23 Aug 2014

Return of The Aliveness Machines

Posters produced for exhibition at RGS conference in London next week. A platform for a new development phase of The Aliveness Machines - first seen in Devon in 2012. A NOVA research project.

Follow this link to view #2 posters in full size.

Below is the text extracted from one of the posters...

How might we harness creative science and science-based creativity to enhance connections to ecological processes, boosting nature:culture and human:non-human relationships?
How might we couple the virtual world to the physical and help make science intimate, sensual, intuitive? 
How might we position materiality as central to the aesthetics of data translation and environmental understanding?

These are some of the questions that underpin the collaborative experimental project that is Aliveness Machines. NOVA's experimental project can be seen as an attempt to connect in new ways with the vitality and state-of-health of hidden ecosystems. Through collaborative ecological art-science approaches, the aim is the translation and presentation of environmental data via exhibition of immersive kinetic/sonic sculptural installations. These form interfaces between: environmental sustainability; scientific-digital data; hidden ecological realms; hacked/retro technologies; experimental sculptural assemblages; immersive installation spaces and education/learning settings. The imagination of artistic research and the rigour of science are brought together in a poetic fusion.

A key aspect is the slow, long-duration ‘tuning-in’ and creative listening to a landscape setting, enabling a process of distillation through a myriad of conversations and encounters. The evolving research platform has emerged from collaborative working between Antony Lyons and Jon Pigott, on the Shadows and Undercurrents project in the North Devon Biosphere Reserve in 2012.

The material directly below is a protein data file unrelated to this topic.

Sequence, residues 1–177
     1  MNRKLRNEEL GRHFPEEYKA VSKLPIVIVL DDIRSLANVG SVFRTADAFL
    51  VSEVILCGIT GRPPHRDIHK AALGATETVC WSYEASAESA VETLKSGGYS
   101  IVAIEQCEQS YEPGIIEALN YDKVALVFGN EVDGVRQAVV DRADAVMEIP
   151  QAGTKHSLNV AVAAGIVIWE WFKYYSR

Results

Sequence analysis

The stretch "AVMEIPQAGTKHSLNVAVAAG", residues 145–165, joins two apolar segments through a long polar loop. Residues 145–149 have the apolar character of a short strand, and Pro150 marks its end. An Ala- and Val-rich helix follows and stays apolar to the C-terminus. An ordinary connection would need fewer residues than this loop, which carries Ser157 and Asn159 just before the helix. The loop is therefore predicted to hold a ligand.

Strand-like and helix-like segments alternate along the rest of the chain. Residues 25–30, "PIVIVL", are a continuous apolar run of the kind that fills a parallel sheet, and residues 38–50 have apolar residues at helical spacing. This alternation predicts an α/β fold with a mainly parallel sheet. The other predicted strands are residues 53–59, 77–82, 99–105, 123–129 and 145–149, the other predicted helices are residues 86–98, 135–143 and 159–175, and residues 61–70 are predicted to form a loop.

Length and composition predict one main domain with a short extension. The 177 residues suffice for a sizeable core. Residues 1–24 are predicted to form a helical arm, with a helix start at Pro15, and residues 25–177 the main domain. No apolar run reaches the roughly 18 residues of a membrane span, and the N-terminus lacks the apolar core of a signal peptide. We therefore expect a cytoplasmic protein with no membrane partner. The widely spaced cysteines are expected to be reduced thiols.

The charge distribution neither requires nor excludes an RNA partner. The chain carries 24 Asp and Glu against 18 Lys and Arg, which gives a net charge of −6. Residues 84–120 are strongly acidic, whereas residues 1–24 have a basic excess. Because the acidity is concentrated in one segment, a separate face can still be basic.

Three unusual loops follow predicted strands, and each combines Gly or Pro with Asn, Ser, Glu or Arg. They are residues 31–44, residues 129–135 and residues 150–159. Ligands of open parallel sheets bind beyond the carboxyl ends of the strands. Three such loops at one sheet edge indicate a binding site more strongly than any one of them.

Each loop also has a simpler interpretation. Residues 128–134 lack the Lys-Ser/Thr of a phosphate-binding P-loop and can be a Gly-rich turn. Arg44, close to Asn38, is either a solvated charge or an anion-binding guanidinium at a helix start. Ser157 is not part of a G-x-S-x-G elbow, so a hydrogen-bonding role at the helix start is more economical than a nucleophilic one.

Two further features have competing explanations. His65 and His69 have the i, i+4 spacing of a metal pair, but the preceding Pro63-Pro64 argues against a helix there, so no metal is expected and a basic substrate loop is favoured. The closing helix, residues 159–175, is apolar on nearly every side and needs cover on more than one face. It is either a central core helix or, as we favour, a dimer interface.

Following this, Lyons and Pigott published a paper in Ubiquity: Journal of Pervasive Media and presented the concept at the Data Ecologies symposium at Plymouth University in December 2012. Overall, the work suggests an alternative to the prevailing tendency towards the primacy of the screen in the realm of data-based and data-activated art activity. Materiality is central to the aesthetics and production, as are concepts of re-enchantment; re-connection to ecosystems and revelation of nature-culture relationships. In Shadows and Undercurrents we were encountering bodies-in-flight (bats) and bodies-of-water (river pollution); these bio-indicators have the potential to be points of connection, or portals, into wider understandings and reframings of ecosystem vitality and lifeworlds.

Ecologies of Place, Media and Data